The next day, preheat the oven to 275 degrees F. Lightly butter a 9-inch springform pan and line the bottom and sides with parchment paper. Wrap the outside of the pan with brown paper and tie with string, to protect the cake from scorching in the oven.

Spread the nuts on a baking sheet. Bake for 10 minutes in the oven, shaking once. Cool slightly, chop coarsely and set aside.

Combining the Fruit Cake Ingredients

Sift the flour and salt into a bowl. In an electric mixer on high speed, beat the butter and sugar for at least 5 minutes until it turns pale and fluffy. Add the ground almonds, then very gradually the eggs, mixing well between each addition. Fold in the flour with a large metal spoon and then the soaked fruits (and any liquid) and nuts.

Spread the batter into the pan. Bake on an oven rack in the lower third of the oven for about 2 1/2-3 hours. If a wooden toothpick inserted into the center comes out clean, it is ready. If it browns too much before it is fully cooked, make a circle of foil a bit larger than the cake, pierce a hole in the center and open it up, then place it over the pan.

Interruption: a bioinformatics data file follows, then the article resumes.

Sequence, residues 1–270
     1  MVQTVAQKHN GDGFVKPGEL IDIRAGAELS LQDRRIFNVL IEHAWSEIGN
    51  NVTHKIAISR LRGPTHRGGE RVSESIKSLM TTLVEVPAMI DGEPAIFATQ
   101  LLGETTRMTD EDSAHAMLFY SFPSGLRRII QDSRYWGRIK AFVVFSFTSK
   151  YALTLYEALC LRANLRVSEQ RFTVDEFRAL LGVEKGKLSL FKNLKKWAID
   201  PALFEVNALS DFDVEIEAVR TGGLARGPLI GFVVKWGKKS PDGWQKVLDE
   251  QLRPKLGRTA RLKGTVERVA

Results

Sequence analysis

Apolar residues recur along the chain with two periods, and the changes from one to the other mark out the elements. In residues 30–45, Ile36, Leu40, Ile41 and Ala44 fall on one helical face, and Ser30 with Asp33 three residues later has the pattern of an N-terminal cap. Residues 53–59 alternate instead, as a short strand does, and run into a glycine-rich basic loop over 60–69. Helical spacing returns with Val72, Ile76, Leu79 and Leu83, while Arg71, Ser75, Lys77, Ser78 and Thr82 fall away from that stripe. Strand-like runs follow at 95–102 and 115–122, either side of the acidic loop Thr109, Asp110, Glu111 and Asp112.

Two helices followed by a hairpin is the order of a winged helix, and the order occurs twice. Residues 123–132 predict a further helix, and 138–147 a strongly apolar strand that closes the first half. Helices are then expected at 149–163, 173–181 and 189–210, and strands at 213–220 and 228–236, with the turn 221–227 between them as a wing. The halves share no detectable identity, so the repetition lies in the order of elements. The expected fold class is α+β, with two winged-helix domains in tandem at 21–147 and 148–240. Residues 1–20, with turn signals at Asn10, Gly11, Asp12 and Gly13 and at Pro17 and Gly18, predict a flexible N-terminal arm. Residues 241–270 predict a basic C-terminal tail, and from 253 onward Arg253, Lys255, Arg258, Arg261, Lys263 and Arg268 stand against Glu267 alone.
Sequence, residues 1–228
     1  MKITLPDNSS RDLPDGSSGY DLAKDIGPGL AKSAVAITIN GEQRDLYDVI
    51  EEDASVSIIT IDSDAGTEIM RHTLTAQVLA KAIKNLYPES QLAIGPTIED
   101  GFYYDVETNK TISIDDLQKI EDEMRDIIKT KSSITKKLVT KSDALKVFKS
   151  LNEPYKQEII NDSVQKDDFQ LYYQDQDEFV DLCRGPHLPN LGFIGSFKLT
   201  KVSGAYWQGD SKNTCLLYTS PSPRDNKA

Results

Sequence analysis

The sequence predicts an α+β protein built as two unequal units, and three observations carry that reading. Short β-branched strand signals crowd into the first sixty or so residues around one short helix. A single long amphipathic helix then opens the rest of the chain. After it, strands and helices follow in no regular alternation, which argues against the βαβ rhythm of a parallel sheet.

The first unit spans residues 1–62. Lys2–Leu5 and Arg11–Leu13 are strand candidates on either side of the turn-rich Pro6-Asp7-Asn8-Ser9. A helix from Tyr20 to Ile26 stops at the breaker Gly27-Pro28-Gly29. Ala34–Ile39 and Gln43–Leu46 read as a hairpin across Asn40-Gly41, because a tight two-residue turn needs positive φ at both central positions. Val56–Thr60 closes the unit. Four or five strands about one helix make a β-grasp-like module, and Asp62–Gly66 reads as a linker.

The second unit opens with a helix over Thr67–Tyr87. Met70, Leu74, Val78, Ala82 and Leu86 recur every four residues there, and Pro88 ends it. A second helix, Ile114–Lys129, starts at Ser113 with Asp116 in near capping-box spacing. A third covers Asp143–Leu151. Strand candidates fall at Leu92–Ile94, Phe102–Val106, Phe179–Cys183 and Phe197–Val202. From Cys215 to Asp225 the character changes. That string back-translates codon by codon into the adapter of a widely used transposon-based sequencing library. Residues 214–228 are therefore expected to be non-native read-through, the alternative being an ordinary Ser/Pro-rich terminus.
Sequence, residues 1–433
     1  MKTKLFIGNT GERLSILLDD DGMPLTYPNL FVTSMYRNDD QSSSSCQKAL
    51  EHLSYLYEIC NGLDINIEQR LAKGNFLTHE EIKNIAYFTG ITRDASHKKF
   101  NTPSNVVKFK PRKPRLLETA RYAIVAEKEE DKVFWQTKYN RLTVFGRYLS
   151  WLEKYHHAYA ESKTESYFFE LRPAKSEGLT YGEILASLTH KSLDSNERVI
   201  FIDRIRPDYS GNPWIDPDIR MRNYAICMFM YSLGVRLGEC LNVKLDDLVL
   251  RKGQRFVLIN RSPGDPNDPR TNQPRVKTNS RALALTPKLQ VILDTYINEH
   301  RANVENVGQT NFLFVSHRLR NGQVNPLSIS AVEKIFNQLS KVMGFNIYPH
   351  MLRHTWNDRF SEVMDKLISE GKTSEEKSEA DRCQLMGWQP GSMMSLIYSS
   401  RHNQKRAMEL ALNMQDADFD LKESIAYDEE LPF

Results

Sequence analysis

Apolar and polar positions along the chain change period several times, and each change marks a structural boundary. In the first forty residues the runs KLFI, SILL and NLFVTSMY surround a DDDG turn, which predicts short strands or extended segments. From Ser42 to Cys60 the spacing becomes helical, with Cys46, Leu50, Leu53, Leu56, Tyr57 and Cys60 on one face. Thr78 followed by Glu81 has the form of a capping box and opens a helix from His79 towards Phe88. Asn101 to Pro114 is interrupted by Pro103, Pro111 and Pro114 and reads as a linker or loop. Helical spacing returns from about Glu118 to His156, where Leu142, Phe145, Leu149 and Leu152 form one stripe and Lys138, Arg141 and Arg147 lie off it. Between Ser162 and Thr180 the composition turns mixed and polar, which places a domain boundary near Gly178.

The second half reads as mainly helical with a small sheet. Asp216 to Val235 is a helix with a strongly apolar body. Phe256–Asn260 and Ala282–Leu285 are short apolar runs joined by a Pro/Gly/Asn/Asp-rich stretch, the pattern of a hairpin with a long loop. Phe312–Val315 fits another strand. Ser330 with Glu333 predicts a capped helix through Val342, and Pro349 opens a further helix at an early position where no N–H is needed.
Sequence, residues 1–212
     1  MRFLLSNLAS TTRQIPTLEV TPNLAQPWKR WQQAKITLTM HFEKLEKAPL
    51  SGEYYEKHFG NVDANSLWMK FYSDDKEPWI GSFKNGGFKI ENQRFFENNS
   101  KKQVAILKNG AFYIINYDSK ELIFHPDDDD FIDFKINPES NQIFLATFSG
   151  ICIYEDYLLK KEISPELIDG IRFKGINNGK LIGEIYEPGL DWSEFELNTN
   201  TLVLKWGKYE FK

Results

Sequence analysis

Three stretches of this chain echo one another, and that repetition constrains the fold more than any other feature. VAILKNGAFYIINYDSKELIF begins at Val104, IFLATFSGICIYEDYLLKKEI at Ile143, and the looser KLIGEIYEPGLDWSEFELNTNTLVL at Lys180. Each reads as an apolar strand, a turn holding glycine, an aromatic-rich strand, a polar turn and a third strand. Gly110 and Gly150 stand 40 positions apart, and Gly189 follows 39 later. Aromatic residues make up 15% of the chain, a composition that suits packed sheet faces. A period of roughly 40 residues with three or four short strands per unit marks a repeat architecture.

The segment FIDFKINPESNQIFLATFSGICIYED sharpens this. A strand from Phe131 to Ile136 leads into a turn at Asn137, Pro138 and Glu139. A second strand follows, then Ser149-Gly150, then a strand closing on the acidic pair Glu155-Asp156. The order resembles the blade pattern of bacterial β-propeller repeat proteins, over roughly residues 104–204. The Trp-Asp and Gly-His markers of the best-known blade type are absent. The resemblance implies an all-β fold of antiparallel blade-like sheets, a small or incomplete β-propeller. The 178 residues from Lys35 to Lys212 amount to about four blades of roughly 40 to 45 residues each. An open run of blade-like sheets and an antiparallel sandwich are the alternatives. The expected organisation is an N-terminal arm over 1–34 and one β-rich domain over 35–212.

Let cool in the pan. Pierce all over with a wooden toothpick and evenly sprinkle over the remaining 3 tablespoons brandy. Remove from the pan and discard the paper. Wrap in fresh parchment paper, then aluminum foil, and let stand for a week or up to three months. Unwrap and sprinkle with with 1 tablespoon more brandy every other week, if you like, for extra succulence and booziness!

Preparing the Wedding Cake Boards and Pans:

Thin cake boards are used only while you are assembling the cakes, and really serve to save your work surfaces. You can use any board you have, even plywood. Thick cake drums are used to support each tier of the finished cake, so must be bought for this purpose.